Ironically, although the resumption of diplomatic relations with China stood as perhaps Nixon's greatest foreign policy triumph, he was forced to resign in 1974, before full diplomatic ties were restored between the two countries. That event took place on January 1, 1979, under the administration of President Jimmy Carter (served 1977–1981).

Primary Source: "Presidential Speech Announcing Acceptance of an Invitation to Visit the People's Republic of China"

SYNOPSIS: As Nixon notes in this brief speech, one of his priorities in office was to resume diplomatic relations with the People's Republic of China. Not only was China the most populous nation on earth, it also played a key role in the regional security of East Asia, including the countries of North and South Korea and Vietnam, then also divided between North and South.

Good evening:

I have requested this television time tonight to announce a major development in our efforts to build a lasting peace in the world.

As I have pointed out on a number of occasions over the past 3 years, there can be no stable and enduring peace without the participation of the People's Republic of China and its 750 million people. That is why I have undertaken initiatives in several areas to open the door for more normal relations between our two countries.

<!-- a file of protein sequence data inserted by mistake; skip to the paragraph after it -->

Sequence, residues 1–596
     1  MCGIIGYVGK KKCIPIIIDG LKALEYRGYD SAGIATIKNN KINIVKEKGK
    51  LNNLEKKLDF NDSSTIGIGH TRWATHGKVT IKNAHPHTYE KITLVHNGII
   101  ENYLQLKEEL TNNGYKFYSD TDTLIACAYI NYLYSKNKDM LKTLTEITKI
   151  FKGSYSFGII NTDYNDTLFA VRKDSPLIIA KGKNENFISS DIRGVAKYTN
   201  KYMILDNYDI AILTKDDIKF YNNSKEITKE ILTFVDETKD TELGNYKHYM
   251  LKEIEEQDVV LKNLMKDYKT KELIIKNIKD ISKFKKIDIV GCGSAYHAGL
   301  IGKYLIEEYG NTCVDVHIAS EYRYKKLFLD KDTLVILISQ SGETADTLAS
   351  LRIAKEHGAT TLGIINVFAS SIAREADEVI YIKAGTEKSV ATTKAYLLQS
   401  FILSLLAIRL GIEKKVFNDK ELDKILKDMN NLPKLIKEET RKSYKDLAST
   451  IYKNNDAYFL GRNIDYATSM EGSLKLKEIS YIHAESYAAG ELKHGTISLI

In pursuance of that goal, I sent Dr. Kissinger, my Assistant for National Security Affairs, to Peking during his recent world tour for the purpose of having talks with Premier Chou En-lai.

The announcement I shall now read is being issued simultaneously in Peking and in the United States:

Premier Chou En-lai and Dr. Henry Kissinger, President Nixon's Assistant for National Security Affairs, held talks in Peking from July 9 to 11, 1971. Knowing of President Nixon's expressed desire to visit the People's Republic of China, Premier Chou En-lai, on behalf of the Government of the People's Republic of China, has extended an invitation to President Nixon to visit China at an appropriate date before May 1972. President Nixon has accepted the invitation with pleasure.

The meeting between the leaders of China and the United States is to seek the normalization of relations between the two countries and also to exchange views on questions of concern to the two sides.

In anticipation of the inevitable speculation which will follow this announcement, I want to put our policy in the clearest possible context.